The difficulty of his position is that, by it’s very nature, it is a position that forces the decision of industry over ecology. His stand on biomass is one area that needs greater clarification, and perhaps another look by him based on locale. Coming as he does from Eastern Washington, with the incredible destruction done by invasive pine beetles, it is natural that he look at biomass as a way to clear the forests so they don’t burn. We support the notion of experimenting with biomass to clear highly flammable underbrush and downed trees in Eastern Washington. However, he seems ignorant of issues faced here, as his own study from WSU, done for the Legislature in 2006, showed that there was not enough biomass to fuel the two proposed plants here on the Peninsula. Whether we are subjected to worsened air pollution by these plants, and whatever fuel they eventually burn, is something that he seemed to not be fully understanding.

But the evening belonged to him, (and his campaign manager wife, Wendy) as the Democrats presented him with a sizable check, and the questions were polite and comments were supportive.

Today, there are too few politicians that actually get positive things done for our environment. While we may not agree with all Commissioner Goldmark’s stands, we have found him to be a most effective Commissioner and highly support his candidacy for re-election.

ELECTION 2012 – Some environmental wins, some losses

A “reasonable” turnout of 42% of the Jefferson County voters give us a probable look at how the county might vote in November.

With the primary now over, we can evaluate the winners and their relationships with environmental issues. From the “bottom” up to the “top”.

Locally to Jefferson County:

County Commissioners: David Sullivan and Phil Johnson easily advanced. Both have been strong supporters of environmental issues locally.

State Representative 24th- Kevin Van De Wege ran unopposed, and Steve Tharinger has advanced. Tharinger has raised the hackles of local environmental supporters over his unwavering support of the controversial biomass conversion proposals, and some have wished for an alternative democratic candidate to support in this race. It will be interesting to see whether a larger voter turnout in November will bring his opponent any closer to winning. However, to be sure, his opponent is likely to be worse on environmental issues.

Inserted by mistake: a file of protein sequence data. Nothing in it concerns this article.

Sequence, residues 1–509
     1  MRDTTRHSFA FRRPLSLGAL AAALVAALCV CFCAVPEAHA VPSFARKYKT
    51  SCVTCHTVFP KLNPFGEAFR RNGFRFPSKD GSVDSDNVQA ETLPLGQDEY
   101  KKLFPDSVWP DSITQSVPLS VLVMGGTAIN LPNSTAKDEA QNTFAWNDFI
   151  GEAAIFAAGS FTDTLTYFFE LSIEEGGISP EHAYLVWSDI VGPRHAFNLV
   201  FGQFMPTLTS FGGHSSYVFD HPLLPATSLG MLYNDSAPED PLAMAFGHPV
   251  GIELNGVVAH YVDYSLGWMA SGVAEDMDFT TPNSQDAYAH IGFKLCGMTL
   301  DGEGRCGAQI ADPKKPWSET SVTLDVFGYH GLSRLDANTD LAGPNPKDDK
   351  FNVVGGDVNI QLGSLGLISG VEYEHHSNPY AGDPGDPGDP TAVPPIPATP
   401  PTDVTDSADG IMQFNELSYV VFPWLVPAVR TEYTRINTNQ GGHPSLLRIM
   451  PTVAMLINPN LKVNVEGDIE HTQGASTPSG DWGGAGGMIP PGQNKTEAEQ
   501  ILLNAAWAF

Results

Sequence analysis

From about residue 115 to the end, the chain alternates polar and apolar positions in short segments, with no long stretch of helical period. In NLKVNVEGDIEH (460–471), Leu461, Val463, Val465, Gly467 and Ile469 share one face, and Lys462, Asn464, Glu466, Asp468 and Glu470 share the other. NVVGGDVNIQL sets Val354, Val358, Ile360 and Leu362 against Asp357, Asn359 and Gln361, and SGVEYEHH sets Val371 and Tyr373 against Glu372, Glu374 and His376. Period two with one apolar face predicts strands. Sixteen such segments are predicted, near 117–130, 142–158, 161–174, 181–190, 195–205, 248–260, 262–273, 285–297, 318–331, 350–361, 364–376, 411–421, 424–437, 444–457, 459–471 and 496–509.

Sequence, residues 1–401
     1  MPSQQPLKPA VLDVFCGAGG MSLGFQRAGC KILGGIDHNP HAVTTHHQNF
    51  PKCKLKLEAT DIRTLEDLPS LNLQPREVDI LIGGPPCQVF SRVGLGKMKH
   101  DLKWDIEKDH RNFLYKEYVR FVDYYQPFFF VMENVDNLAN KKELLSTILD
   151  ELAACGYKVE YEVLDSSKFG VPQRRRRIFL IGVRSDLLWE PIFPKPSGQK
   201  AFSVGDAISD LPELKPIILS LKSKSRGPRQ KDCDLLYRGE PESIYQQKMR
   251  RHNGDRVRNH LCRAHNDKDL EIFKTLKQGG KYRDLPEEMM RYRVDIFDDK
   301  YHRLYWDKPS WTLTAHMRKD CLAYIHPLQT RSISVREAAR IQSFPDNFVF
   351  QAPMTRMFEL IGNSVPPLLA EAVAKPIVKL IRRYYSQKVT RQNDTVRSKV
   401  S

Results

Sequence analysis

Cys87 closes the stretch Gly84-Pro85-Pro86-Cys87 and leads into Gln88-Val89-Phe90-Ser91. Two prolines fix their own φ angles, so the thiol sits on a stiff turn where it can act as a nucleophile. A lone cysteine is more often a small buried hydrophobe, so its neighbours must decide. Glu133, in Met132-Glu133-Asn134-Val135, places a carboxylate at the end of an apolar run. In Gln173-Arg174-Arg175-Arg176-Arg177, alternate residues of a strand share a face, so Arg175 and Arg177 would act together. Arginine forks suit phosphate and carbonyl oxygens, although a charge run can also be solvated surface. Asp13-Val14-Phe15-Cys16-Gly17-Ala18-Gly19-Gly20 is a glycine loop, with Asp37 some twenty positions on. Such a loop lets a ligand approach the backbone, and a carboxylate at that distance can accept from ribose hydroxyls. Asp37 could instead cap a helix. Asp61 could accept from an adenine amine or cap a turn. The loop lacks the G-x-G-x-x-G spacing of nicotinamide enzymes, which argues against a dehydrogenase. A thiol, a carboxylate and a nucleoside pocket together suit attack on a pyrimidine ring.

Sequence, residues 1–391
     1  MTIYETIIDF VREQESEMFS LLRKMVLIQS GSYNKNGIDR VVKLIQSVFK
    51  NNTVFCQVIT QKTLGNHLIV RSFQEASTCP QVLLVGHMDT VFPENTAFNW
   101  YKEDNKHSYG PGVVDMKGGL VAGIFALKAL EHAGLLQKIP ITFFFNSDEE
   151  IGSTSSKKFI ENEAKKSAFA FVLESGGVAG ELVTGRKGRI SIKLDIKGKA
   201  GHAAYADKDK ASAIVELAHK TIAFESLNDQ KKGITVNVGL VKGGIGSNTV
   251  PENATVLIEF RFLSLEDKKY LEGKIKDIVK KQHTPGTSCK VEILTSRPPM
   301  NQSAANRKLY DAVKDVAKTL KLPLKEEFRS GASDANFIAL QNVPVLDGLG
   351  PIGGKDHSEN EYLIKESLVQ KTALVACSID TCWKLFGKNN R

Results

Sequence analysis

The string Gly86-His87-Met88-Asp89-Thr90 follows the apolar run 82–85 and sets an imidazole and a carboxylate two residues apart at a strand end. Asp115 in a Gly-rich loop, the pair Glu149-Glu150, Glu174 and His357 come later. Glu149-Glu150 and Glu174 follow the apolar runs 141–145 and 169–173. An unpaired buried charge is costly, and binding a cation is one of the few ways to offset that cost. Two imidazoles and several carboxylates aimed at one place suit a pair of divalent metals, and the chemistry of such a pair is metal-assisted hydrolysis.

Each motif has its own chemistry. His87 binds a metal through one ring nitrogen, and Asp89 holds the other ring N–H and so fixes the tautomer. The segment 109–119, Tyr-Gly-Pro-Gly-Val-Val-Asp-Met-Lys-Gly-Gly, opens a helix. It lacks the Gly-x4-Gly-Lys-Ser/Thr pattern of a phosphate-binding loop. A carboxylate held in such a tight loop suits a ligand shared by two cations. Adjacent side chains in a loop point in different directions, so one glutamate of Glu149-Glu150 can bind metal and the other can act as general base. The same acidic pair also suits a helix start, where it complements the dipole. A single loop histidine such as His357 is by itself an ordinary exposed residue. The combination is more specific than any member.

State Senator, District 24 – Long time State Senator Jim Hargrove advanced easily. Jim has supported environmental proposals in the past.

State Commissioner of Public Lands: Peter Goldmark, a strong supporter of environmental initiatives in a very difficult role to satisfy everyone, advanced handily.

State Attorney General: Bob Ferguson supported by the environmental coalition, did advance.

State Auditor: Pridemore possible loss Craig Pridemore is a State Senator, and former Washington Conservation Voter (WCV) Legislator of the Year, who understands that the State Auditor has an important role to play in protecting and enforcing I-937, the voter-approved Clean Energy Initiative. He was in second place but latest numbers show him slipping into third. More to come on this.

Governor: Jay Inslee easily advanced along with Rob McKenna. Jay has a long record of supporting environmental legislation, and more importantly, opposing anti-environmental legislation.

State Supreme Court – The loss of Bruce Hilyer in Position 9 is the one dark cloud on the horizon for environmental legislation. Both McCloud and Saunders are strongly in favor of property rights over the notion of local, state and national environmental regulation. However, the advancing of Susan Owens and Steven Gonzales holds out the hope that whichever of the two candidates wins, will be a minority opinion voice.

U.S. House: Derek Kilmer easily advanced. Surprise here was how wide the margin was. At the State level, he has voted consistently for environmental bills, such as banning mining on Maury Island, conversion of coal fired electric plants, reducing greenhouse emissions, banning PBDE’s which were getting into the Sound, and setting minimum renewable fuel requirements.

Maria Cantwell easily advanced. Cantwell received the highest rating possible from the League of Conservation Voters for her environmental voting record.

Sorry to see my old friend Greg Rankich go down to defeat in his first campaign over in the legislative district 1. Greg is part of a wide range of ex-Microsoft people who are continuing to get into politics after leaving MSFT. He would have brought an unconventional and likely fresh point of view to Olympia. I did not follow his campaign as it’s not ‘here’ but I wish him the best going forward.

Environmental Voters Guide for the Primaries

We have completed our campaign voters guide page to the primaries. Look under the 2012 Elections tab on our front page.

While the slate looks like a sweep of Democrats, we continue to view this blog as non-partisan, and await any Independent or Republican who can step forward and take environmental stands on issues.